Discover, study, and enjoy butterflies during their peak flight season here in Vermont and beyond. Designed for beginning or advancing lepidopterists, the course will cover butterfly taxonomy, behavior, field techniques (including netting and photography), and classic identification challenges. In addition to assigned online readings and lectures, students will be advised how to locate nearby sites for their own independent observation of butterflies on the wing. Each student will be encouraged to take on an individualized project during the course.

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Course Details (click to expand)

Unit 1: Being There — Find, Observe, Learn and Enjoy

When the course begins, members of five butterfly families will be on the wing here in Vermont and across New England (as well as the sixth family for students farther south). Your objective will be to find them. Rather than begin with family descriptions and characteristics, which you can begin learning on your own from any field guide, you will instead learn where, when and how to find butterfly generalists (easy) and specialists (tougher). We’ll cover your tools as well, including binoculars, cameras, field guides, and net technique and extraction. And we’ll learn “how to look” at a butterfly in order to determine its identity — and appreciate its rewards.

Unit 2: Being a Butterfly

You cannot know these insects until you know their life cycles and behaviors, which we’ll cover in two short lectures. Our emphasis will be butterfly energy budgeting, basically a day in the life of a male and a female — from emergence to mating to death. Your field explorations during this unit will expand to observe butterfly behaviors, particularly host plant association and mating behaviors. You may even find yourself watching a butterfly lay eggs.

Unit 3: Classic Identification Challenges and Finding Rarities

As you gain experience and confidence in the field, you’ll make progress on locating scarce or rare species and conquering some of the classic identification challenges. Skipper identification will constitute a signification portion of this unit, including the challenges in duskywings (Erynnis) and the gray skippers sometimes knows as “witches” (among them members of the genus Euphyes).

Unit 4: Wrapping Up

Your primary objective will be to conclude the course ready to learn more on your own. Photographers (optional) will gain additional skills during this unit. Interested students can learn to prepare a butterfly specimen. And we’ll cover the resources (mostly online) you’ll use to continue your discovery and enjoyment of these spectacular insects. Students who so desire will have the option to present to the class on their independent studies.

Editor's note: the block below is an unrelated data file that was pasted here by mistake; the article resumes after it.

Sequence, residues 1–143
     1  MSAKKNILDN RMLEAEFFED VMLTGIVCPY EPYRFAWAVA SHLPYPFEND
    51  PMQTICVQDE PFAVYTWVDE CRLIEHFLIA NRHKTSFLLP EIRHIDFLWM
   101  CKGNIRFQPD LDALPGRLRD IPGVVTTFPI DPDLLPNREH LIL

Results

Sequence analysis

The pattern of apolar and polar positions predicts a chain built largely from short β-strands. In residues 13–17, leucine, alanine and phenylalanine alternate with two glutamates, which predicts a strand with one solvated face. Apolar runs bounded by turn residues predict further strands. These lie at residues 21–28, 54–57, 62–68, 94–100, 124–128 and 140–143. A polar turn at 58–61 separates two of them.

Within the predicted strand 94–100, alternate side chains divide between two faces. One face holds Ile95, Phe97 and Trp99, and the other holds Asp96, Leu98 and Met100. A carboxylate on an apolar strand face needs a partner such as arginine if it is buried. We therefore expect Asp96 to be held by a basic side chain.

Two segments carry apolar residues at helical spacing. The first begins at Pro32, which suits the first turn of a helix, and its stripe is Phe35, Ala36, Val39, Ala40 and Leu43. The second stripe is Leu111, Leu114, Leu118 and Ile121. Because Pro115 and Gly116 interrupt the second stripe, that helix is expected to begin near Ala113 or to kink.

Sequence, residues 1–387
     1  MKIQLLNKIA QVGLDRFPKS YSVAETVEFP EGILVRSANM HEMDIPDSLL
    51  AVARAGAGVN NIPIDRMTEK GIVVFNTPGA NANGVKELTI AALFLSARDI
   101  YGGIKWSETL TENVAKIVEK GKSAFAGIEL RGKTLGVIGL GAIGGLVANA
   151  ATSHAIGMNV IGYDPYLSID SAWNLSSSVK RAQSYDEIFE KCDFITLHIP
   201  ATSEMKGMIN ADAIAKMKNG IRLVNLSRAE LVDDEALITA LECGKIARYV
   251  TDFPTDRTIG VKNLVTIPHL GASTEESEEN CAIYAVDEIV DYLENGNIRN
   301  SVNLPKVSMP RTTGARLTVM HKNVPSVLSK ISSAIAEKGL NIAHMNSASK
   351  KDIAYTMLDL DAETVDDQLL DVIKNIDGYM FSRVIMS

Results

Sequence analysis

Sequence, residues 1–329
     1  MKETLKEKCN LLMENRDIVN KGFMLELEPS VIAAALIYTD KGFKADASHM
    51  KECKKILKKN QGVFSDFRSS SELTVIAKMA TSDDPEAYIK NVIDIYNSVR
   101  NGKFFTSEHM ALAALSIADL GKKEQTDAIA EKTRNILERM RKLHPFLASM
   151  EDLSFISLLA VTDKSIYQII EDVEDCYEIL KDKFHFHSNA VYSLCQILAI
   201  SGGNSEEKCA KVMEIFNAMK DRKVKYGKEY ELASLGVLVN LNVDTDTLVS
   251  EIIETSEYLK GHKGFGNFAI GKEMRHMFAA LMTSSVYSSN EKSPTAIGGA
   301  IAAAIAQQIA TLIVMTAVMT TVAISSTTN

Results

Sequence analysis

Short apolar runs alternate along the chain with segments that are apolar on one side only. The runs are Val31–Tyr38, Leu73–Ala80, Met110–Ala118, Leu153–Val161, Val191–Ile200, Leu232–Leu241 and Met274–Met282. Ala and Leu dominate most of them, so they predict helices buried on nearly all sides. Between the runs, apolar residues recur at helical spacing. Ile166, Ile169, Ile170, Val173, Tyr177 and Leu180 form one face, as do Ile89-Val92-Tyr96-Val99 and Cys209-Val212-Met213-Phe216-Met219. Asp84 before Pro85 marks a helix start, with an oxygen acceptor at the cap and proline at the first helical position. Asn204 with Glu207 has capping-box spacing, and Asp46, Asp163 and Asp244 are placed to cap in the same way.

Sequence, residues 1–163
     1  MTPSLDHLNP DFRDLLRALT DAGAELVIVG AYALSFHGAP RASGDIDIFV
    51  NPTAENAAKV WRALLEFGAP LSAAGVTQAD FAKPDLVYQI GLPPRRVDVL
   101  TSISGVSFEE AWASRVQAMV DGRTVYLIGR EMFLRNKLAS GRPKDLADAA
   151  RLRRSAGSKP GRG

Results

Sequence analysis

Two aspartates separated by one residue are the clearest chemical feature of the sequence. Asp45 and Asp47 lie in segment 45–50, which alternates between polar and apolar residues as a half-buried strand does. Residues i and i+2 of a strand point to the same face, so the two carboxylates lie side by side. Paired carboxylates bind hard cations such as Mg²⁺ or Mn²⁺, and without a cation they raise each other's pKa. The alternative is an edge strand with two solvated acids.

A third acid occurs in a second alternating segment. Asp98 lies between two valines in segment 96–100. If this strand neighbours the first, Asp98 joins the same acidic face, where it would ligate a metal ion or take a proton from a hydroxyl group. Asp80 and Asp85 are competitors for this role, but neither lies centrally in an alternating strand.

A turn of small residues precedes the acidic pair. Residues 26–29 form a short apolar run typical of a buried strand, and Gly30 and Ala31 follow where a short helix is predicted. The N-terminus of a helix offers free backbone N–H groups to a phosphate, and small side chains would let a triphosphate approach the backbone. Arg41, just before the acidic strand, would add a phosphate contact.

About the Instructor

With net and camera in hand, Bryan Pfeiffer has chased butterflies from tropical forests to above the Arctic Circle. But he shares an equal passion for teaching. For more than three decades, Bryan has offered field seminars and workshops in birds, insects and photography to students of all abilities. As a consulting field entomologist, he has pursued butterflies and dragonflies for state and local governments, the U.S. military, private landowners, and conservation groups. A former faculty member in the Field Naturalist and Ecological Planning Program at the University of Vermont, Bryan was a principal investigator on the Vermont Butterfly Atlas.

Birding Basics

Instructed by Zac Cota
May - June | $60-75 (NBNC members/nonmembers)

Become a better birder! In this class, you’ll develop a breadth of knowledge and skills to better appreciate New England’s common and not-so-common birdlife. Identify species from sight and sound by scrutinizing field marks and decoding birdsong. Understand avian ecology and interpret behavior by exploring a wide range of habitats and natural communities. Whether you are a backyard birdwatcher ready to expand your knowledge, or a passionate naturalist seeking a fun new approach to field ornithology, this course is the perfect primer for better birding.

 

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Course Details (click to expand)

Unit 1: Bird Identification by Sight and Song

A focus on methods and techniques for field identification by sight and sound. As we welcome early spring migratory songbirds back to the northeast, we’ll decipher how to use field marks, flight pattern, behavior, and habitat as clues to identification. We’ll also explore different resources available for birders to learn and practice species identification.

Unit 2: Avian Ecology & Bird Behavior

Have you ever wondered why hummingbirds migrate thousands of miles each year, or how a Veery manages to sing in such a lyrically haunting way? In this ornithology primer, we’ll explore structure and function, ecology and evolution. Get ready to uncover the amazing adaptations and wild behaviors of the birds in your own backyard and beyond. 

Unit 3: Life Histories of VT Birds

We’ll explore a cross-section of regional habitats to understand why different bird assemblages live where they do. We’ll explore wetlands, fields, forests, and lakes to understand how various species overcome challenges presented by different ecosystems. We’ll investigate the diets, foraging ecology, and predator-prey relationships of resident birds and discuss the role of migratory stopovers for non-resident birds passing through the area.